Damian Mavis
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J-kid

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Anyone here who thinks that a good stance would be able to prevent a takedown is not just fooling themselfs is also asking for alot of trouble. See how i do train in Judo/Jujutsu/Muay Thai. I know about grappling and fighting stances and can say first hand you need both to be a good fighter. I respect all your post , But your idea is flawed 7sm for thinking that your art can take anyones art have you ever battled with a gracie i would like you to say that you can take them with your kung fu. I am not trying to be rude but thats what 1000s of MAs that trained only in one martial art said to the BJJ guys when they came over from Brazil well guess what the BJJ guys handed the KUng fu guys the TKD guys the boxers the wrestlers kickboxers the karate etc. THEY ALL GOT THERE asses handed to them by there art. Its only because BJJ works on standing arts weaknesses. YOu need to cross train in order to become good at fighting to say that your art is gonna be able to handle anything the world throws at you is just Fooling your self. I Cross train because i realize this because i UFC fight and i see my weakness and inprove on it i suggest you do the same thing and pull your minds out of the Gutter. Your friend Judo-kid!!!!!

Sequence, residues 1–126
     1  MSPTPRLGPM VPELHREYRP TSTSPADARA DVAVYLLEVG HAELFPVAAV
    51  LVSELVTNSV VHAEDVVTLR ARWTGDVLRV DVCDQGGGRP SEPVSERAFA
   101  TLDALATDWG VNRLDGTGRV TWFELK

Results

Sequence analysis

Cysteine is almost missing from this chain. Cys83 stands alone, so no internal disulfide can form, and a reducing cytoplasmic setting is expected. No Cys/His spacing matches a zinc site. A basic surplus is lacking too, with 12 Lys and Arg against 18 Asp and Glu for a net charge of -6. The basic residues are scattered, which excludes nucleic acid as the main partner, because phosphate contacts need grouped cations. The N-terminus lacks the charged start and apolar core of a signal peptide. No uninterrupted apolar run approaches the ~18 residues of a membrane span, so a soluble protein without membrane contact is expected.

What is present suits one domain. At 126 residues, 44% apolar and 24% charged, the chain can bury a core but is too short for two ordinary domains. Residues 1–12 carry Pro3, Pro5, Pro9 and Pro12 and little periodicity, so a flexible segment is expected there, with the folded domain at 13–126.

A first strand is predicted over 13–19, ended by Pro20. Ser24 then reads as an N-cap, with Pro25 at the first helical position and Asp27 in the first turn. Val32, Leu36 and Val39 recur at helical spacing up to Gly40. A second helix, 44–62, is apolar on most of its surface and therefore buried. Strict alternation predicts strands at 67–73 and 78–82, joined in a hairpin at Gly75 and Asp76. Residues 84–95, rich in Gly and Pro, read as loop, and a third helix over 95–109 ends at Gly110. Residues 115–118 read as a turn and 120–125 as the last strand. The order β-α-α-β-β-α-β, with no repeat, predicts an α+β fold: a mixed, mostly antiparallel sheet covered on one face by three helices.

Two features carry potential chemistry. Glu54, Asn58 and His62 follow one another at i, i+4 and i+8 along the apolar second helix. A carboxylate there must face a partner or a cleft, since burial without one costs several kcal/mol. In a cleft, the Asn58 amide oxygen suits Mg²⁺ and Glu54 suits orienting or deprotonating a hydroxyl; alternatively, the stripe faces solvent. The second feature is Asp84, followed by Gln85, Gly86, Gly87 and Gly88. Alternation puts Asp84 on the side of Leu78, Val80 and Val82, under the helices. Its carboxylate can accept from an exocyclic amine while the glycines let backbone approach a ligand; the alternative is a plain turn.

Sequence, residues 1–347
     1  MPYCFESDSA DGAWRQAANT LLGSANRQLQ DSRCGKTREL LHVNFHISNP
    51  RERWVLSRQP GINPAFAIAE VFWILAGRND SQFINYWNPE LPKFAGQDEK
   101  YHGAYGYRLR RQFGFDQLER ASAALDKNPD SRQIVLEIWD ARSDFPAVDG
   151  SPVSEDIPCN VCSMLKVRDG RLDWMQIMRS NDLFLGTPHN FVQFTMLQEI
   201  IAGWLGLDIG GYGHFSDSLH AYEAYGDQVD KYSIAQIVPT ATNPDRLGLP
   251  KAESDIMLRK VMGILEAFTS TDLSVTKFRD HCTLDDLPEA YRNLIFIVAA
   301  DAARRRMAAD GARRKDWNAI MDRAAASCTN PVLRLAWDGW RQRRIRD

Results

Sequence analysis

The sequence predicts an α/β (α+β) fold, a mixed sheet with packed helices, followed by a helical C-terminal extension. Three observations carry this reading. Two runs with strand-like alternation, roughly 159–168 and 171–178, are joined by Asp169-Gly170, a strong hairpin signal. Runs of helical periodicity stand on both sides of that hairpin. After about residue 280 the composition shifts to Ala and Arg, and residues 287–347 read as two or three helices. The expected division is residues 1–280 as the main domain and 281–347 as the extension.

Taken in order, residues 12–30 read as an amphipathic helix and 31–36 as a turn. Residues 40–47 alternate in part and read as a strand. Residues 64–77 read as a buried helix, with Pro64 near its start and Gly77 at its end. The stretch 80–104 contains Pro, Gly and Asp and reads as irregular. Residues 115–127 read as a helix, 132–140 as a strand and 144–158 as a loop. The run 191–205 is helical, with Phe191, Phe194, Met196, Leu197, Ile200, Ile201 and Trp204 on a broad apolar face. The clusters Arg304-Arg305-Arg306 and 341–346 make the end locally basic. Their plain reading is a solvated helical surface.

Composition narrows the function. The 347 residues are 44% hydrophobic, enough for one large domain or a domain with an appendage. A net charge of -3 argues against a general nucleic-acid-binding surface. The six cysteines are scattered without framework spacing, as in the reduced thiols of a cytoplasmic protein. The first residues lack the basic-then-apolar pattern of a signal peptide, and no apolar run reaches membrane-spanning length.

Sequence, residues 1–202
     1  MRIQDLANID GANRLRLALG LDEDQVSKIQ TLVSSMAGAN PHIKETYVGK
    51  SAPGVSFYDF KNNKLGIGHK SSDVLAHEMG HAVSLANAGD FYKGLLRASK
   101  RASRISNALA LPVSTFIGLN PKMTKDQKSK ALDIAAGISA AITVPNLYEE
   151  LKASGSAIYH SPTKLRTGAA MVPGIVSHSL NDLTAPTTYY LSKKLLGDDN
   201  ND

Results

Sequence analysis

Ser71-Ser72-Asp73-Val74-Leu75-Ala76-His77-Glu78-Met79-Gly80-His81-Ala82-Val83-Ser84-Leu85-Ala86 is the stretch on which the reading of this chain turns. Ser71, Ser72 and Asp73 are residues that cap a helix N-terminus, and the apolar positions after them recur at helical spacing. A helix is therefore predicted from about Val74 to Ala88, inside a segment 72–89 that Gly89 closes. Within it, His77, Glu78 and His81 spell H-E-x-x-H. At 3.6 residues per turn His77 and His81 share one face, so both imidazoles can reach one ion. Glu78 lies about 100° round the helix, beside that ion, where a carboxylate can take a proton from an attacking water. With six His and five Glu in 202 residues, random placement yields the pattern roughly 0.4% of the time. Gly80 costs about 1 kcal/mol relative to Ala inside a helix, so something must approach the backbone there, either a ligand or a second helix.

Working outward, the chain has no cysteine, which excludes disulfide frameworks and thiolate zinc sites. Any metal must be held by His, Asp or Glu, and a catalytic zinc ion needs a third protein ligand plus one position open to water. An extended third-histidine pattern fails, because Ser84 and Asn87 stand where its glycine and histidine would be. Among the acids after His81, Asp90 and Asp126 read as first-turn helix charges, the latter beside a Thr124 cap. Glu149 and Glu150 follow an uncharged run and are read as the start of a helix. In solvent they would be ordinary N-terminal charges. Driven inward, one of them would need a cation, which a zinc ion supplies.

7starmantis

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Originally posted by Damian Mavis

I thought it was dont assume because you make an *** out of you and me... *** u me.... haha ah well......

"I train iron arm, and iron shin" 7starmantis...

"DONT BE CAUGHT UNAWARES. If you don't know someone's there before they attack, there isn't a whole lot of anything you can do." I'm sorry I disagree so vehemently with what your instructor is teaching you, I teach the exact opposite of this to my students. And there are tons of times you will be caught unawares. But maybe you won't, I'm not that confident in my abilities to see every attack coming, if you are thats great.

Damian Mavis
Honour TKD

Kinda weird you just threw in a little misquote of me just in the middle of your post? What I was saying about iron arm is that I train with guys twice my size and muscle strength, meaning not against easy non-resisting opponents. About being caught unawares, its not that you know someone is hiding behind that wall, its that you are trained to the point that your body in "aware" and in a situation like that, you can react quickly enough to thwart the attack. You disagree with what my instructor is teaching me? What is that exactly? What do you disagree with so "vehemently"?

Originally posted by Judo-kid
I respect all your post , But your idea is flawed 7sm for thinking that your art can take anyones art have you ever battled with a gracie i would like you to say that you can take them with your kung fu. I am not trying to be rude but thats what 1000s of MAs that trained only in one martial art said to the BJJ guys when they came over from Brazil well guess what the BJJ guys handed the KUng fu guys the TKD guys the boxers the wrestlers kickboxers the karate etc. THEY ALL GOT THERE asses handed to them by there art.